PCC, Sustain Me! Podcast & The Bridge

By Joe Culhane|December 4, 2018News, Top Stories|0 comments

Over the summer of 2018 at Portland Community College, a podcast was in its development stage. Spawned by a desire to provide a different platform for storytelling and driven by a passion for sustainability and social justice, PCC, Sustain Me! A Higher Education Sustainability and Environmental Justice Podcast was born. Now, 15 episodes later and with this Fall term nearly in the books, the podcast and its young story has traveled around the country, and as of this writing, across the globe as well.

 

I found myself last academic year in a unique position as a student leader in the position of Environmental Justice Coordinator and the additional role of Director of Student Resources at the Cascade Campus. With these roles, combined with a growing awareness that social justice was deeply connected to sustainability, I quickly halted my trajectory towards renewable energy engineering and redirected myself towards communications with a focus on these subjects I had become so involved with. I was fortunate enough to go to the Association for the Advancement of Sustainability in Higher Education (AASHE) 2017 Conference & Expo in San Antonio. That is where I realized it was communications that was my outlet for sharing the importance and connections between sustainability and social/environmental justice. I started applying to speak at conferences and by the end of the year had presented or co-presented at 6 different conferences and was chosen to attend the National Conference on Race and Ethnicity (NCORE) 2018 in New Orleans near the end of the Spring term. That spring I was also hired part time as the Sustainability Communications Coordinator at the district level for PCC.

 

Since episode 1 officially launched I’ve also been honored to present at two national conferences on promoting podcasting as an additional educational platform for getting the message out about the importance of sustainability and social justice. At the time of this article’s publication, I’ll be in the Philippines for the 11th Annual Global RCE Conference: Education for the Sustainable Development Goals. The presentation I’ve given at these conferences is cheekily called: How to Podcast Your Way to a More Environmentally Sustainable & Socially Just Future. The Global RCE Conference is connected to the work I’ve helped out with and is connected to GPSEN (The Greater Portland Sustainability Education Network) which is one of the 166 Regional Centres of Expertise recognized by the United Nations University.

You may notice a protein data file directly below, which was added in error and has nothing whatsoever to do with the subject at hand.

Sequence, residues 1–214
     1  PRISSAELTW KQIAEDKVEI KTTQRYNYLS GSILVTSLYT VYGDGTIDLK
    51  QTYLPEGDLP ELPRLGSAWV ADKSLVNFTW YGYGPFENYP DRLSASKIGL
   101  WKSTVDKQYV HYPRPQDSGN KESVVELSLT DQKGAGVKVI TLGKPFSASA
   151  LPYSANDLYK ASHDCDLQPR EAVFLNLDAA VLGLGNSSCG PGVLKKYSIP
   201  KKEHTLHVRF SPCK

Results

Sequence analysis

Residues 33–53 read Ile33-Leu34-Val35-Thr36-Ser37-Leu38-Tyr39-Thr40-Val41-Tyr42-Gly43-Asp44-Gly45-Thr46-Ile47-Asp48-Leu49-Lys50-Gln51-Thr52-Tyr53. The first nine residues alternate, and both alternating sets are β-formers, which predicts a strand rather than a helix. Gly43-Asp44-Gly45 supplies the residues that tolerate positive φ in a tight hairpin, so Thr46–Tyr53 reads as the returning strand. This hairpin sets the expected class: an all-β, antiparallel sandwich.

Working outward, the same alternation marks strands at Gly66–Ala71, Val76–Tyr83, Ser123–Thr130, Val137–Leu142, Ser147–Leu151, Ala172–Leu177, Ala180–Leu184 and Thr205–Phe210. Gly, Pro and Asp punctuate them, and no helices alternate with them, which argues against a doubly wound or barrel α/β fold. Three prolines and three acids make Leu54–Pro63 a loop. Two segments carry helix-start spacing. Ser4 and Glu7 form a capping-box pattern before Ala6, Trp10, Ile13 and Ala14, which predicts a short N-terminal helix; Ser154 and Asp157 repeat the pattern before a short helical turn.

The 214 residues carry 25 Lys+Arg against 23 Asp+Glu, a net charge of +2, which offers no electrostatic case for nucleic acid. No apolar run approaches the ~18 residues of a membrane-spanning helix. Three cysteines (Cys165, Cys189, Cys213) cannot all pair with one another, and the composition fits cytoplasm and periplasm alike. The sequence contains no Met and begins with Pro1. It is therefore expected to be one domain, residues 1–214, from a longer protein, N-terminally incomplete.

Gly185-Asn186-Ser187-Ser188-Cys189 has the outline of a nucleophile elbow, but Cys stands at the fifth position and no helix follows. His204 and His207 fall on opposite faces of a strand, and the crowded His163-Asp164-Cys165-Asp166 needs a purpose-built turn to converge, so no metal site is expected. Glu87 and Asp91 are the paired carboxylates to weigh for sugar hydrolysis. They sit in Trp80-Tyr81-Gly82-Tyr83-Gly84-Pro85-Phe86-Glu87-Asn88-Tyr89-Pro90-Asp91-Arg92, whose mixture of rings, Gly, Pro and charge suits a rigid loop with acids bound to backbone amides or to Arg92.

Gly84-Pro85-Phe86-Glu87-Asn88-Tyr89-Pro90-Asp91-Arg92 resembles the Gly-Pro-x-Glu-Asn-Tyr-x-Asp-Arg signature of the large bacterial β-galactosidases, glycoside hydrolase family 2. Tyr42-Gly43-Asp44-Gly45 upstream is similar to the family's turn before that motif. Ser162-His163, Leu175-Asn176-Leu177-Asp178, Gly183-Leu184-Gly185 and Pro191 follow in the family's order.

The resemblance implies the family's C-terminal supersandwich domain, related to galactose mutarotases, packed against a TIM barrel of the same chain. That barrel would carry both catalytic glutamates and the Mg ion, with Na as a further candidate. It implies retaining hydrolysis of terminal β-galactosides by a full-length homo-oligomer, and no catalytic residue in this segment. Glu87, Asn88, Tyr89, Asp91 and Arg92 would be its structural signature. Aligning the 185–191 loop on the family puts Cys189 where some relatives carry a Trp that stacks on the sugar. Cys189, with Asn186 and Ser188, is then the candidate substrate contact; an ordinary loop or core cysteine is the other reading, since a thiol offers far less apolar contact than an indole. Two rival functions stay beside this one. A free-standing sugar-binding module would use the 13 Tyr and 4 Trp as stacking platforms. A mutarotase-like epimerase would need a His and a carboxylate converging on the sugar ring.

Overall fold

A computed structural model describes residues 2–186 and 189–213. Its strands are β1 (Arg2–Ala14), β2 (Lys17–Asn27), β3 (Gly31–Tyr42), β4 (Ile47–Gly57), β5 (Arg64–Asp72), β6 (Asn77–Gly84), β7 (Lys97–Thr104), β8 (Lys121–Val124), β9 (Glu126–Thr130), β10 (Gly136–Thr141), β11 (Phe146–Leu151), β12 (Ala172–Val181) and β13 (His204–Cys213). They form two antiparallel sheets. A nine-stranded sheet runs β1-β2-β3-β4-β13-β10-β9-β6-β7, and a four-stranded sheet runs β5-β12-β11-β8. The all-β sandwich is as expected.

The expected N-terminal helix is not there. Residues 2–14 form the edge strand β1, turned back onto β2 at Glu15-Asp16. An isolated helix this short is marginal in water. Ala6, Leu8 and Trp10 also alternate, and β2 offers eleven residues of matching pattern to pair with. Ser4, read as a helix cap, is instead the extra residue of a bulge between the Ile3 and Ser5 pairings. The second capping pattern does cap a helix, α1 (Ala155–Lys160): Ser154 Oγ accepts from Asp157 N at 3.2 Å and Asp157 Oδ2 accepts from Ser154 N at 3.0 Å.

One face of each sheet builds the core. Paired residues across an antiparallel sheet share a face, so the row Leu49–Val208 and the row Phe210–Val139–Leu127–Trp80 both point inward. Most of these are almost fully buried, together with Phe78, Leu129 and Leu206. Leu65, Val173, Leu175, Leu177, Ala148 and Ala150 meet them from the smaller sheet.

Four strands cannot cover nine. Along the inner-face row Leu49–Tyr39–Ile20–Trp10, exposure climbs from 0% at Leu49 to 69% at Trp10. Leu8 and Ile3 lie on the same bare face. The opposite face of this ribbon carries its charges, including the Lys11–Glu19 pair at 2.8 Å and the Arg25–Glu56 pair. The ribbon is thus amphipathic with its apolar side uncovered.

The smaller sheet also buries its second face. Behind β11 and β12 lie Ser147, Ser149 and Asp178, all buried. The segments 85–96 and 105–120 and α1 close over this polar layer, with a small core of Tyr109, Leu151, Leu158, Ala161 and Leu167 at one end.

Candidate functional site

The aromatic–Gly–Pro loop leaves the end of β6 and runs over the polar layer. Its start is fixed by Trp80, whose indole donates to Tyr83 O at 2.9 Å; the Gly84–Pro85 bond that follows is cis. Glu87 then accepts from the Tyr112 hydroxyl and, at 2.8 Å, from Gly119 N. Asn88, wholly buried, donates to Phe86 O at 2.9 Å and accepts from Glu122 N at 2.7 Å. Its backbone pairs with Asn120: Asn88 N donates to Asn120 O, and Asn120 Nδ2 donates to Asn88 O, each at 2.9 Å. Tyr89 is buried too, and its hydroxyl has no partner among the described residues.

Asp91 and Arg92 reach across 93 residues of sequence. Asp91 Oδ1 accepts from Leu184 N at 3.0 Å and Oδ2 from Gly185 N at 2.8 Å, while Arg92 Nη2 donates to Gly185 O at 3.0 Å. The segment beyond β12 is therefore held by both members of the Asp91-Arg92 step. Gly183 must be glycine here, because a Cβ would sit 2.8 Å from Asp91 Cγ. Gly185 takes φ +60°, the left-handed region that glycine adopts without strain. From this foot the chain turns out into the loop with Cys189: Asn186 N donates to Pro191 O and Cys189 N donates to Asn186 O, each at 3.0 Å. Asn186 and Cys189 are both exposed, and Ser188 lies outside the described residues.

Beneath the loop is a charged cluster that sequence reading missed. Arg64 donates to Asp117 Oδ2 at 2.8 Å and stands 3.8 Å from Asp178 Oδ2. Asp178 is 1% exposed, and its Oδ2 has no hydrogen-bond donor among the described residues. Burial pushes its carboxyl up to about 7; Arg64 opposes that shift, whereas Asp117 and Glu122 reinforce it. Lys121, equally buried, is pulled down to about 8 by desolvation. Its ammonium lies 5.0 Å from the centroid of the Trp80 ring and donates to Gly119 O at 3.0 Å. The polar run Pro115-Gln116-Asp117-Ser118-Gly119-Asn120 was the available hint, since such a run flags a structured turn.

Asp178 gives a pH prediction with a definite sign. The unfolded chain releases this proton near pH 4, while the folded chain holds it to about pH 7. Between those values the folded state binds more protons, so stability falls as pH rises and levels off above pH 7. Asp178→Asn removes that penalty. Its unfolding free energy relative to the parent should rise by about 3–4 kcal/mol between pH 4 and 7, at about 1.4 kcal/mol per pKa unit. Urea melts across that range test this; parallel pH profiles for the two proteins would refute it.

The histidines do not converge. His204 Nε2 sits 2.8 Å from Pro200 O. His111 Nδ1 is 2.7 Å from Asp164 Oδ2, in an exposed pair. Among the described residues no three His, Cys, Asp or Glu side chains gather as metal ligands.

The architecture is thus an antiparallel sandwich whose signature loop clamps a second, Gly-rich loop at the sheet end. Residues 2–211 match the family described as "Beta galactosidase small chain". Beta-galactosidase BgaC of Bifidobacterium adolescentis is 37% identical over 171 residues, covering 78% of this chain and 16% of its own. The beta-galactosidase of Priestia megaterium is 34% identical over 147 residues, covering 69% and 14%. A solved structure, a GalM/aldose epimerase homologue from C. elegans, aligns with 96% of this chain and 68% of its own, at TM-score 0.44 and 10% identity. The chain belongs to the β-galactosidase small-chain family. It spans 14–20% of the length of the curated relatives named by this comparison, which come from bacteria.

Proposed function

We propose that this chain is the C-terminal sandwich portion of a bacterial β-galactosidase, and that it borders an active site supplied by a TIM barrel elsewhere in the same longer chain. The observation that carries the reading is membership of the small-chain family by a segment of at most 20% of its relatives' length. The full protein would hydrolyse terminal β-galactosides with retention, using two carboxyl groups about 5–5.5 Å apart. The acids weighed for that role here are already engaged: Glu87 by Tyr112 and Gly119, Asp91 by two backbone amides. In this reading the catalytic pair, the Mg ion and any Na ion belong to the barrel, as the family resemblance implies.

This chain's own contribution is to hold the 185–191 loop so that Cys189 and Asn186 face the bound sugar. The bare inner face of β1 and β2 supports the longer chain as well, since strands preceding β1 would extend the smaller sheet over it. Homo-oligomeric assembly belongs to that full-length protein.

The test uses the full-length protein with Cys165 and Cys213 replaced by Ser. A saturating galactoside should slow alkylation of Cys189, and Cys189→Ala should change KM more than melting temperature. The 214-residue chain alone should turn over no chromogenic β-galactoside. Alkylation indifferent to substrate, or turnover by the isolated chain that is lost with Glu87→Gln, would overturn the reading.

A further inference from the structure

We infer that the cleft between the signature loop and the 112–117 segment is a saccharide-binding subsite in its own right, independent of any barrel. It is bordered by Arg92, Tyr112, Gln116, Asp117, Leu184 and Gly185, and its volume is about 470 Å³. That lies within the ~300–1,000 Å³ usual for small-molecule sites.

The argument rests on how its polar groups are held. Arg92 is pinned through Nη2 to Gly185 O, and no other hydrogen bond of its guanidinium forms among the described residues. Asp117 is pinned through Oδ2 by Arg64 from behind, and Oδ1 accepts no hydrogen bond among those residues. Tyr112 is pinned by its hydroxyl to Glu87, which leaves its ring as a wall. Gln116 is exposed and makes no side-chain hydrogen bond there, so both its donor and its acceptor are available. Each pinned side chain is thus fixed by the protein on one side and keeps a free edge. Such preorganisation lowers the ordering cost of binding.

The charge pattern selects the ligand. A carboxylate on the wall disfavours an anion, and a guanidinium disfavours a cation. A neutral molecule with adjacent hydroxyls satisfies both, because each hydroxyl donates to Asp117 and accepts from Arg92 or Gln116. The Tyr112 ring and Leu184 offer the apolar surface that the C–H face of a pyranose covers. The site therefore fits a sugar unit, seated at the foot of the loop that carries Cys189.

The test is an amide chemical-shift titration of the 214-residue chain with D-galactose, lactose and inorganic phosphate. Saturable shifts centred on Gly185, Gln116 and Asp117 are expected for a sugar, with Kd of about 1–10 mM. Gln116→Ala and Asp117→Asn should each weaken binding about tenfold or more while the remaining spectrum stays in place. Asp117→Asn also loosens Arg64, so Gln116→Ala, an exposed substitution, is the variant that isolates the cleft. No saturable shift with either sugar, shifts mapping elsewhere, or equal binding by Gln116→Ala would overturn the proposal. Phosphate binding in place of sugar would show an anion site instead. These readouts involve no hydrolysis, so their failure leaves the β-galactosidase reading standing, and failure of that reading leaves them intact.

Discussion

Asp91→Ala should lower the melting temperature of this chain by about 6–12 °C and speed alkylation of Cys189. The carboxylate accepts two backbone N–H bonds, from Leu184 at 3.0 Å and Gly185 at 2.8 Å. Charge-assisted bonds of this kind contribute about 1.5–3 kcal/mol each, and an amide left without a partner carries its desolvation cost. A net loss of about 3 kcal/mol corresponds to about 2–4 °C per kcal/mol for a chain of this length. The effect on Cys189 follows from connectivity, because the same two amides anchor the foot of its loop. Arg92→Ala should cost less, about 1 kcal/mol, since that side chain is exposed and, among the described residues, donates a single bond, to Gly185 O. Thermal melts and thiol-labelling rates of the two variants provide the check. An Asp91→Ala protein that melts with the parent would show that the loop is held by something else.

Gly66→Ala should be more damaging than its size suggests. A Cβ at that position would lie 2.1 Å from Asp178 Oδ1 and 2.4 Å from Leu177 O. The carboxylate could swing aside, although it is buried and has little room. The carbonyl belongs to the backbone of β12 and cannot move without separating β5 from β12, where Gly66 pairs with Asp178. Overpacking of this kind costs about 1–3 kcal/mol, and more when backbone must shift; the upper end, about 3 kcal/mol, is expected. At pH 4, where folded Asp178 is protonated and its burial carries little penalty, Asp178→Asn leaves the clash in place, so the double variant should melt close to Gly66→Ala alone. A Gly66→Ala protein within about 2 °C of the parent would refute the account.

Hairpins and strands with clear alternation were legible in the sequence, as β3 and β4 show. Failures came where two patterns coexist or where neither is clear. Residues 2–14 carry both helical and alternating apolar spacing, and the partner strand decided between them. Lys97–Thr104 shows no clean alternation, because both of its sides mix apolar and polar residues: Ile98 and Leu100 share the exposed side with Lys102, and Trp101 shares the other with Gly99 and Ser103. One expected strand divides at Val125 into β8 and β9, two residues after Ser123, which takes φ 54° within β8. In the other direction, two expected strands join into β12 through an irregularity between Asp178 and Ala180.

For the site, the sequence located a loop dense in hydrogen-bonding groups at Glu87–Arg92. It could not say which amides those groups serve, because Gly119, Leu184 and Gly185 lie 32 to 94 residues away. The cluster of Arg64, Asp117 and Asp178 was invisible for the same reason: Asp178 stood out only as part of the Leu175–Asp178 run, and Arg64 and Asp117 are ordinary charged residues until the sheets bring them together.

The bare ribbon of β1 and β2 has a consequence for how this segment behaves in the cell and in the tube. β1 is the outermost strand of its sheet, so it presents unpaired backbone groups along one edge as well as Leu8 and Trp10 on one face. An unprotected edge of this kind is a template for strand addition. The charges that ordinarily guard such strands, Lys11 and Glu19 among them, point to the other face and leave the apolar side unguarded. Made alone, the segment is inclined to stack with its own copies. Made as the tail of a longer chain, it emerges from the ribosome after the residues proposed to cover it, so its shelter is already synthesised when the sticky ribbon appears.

PCC, Sustain Me! attempts on a weekly basis to help build a narrative of the sustainability, racial equity, and social justice work that Portland Community College students, faculty, and staff engage in. Having a weekly article and an additional outlet on The Bridge website seemed like a logical and natural evolution of the program. The podcast has also provided a means to explore and to interview folks in the greater community and across the nation who are doing awesome work in the fields of sustainability and social justice. What has also come about with this program, in accordance with the desire for more equitable reality, is an outlet for many voices to be heard. The majority of guests have been women, members of the LGBTQIA+ community, and people of color. The most challenging and humbling aspect of all this has been realizing more and more the truth of our current climate. We, in America, operate under a dominant culture driven by white supremacy, the patriarchy, settler colonialism, and capitalism.


This latest episode is with Kelsey Juliana, one of the 21 youth plaintiffs in the Juliana v. US case, which is considered the climate trial of the century. It was set to begin October 29th though it has been delayed. Kelsey is by no means giving up; she and countless other youth activists around the country are continuing to take action for the sake of the planet they are inheriting. Thanks for tuning in, folks. If you have a cool story to share or would like to connect, by all means, please do so!

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